Japan landslide: Death toll rises to 39 in Hiroshima


Heavy rain has hampered rescue operations in Japan’s Hiroshima prefecture where a deadly landslide killed at least 39 people.

The number of people missing has jumped to 51, officials say, after police cross-checked information with fire crews, Kyodo news agency reported.

About 3,000 rescue personnel are working in the area but rain on Thursday night suspended the search.

Torrential rains have led to an evacuation for up to 100,000.

Officials fear that more landslides will occur.

The landslides happened after the equivalent of a month’s rain fell in the 24 hours up to Wednesday morning, Japan’s weather agency said.

Dozens of homes in a residential area close to a mountain on the outskirts of Hiroshima were buried.

The BBC’s Rupert Wingfield-Hayes says with the leap in the death toll, the eventual number of victims could be close to 100.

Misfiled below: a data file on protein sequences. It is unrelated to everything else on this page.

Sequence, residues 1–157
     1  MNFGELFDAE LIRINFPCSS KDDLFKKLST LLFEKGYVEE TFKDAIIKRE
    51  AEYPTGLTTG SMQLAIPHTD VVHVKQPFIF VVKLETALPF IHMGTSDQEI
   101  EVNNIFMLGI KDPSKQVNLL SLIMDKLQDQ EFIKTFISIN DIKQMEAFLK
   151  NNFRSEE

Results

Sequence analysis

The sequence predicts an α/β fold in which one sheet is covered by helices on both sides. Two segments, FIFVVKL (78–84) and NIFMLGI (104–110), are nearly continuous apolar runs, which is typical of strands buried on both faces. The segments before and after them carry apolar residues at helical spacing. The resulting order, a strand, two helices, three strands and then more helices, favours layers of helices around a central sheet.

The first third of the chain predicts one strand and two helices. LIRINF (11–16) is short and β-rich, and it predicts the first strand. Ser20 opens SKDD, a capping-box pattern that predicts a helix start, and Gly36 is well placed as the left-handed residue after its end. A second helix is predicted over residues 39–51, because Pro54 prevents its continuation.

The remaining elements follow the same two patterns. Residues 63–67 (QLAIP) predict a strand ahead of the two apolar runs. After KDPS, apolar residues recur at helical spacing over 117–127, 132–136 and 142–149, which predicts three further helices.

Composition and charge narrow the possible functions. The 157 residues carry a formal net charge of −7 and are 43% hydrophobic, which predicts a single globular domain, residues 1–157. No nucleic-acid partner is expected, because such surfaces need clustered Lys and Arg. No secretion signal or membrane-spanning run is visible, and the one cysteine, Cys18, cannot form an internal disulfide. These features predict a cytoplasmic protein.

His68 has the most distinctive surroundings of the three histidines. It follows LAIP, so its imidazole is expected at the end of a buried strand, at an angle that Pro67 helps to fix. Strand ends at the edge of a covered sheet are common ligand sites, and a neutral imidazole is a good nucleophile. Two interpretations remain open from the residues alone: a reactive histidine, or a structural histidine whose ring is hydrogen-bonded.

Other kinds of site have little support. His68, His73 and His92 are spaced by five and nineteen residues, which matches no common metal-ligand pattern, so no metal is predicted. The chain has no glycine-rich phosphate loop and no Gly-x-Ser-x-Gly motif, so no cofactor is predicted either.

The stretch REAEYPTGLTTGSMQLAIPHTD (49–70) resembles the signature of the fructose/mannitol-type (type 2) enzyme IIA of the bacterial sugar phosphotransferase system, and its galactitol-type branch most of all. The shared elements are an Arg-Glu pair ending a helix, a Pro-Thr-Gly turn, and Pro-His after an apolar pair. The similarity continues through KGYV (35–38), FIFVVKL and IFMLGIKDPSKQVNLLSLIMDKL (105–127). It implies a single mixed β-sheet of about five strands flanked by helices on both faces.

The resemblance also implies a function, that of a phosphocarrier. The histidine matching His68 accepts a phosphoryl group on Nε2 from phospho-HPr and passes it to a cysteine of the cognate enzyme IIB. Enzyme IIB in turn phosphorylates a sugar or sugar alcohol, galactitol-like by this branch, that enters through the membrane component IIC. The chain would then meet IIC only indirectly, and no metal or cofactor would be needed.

Among those killed was one 53-year old rescue worker who died when a second landslide struck after he had already pulled several people to safety.

Reports said he was killed while holding a toddler he was trying to rescue. A father was handing his small son to the rescue worker only to see both engulfed as a fresh mudslide swept down the mountain.

“There was a really strange smell, a very raw, earthy smell. When we opened a window to see what was going on, the entire hillside just came down, with a crackling noise, a thundering noise,” Reuters cites one woman who survived talking to local television.

She and her husband fled moments before mud gushed through their house leaving boulders where they had been sleeping, Reuters says.

Correspondents add that a number children are thought to have perished in the disaster.

Much of central and southern Japan is mountainous, with many homes nestled into steep slopes.

Last year, a typhoon triggered landslides on Izu Oshima island, south of Tokyo, that left 35 people dead.


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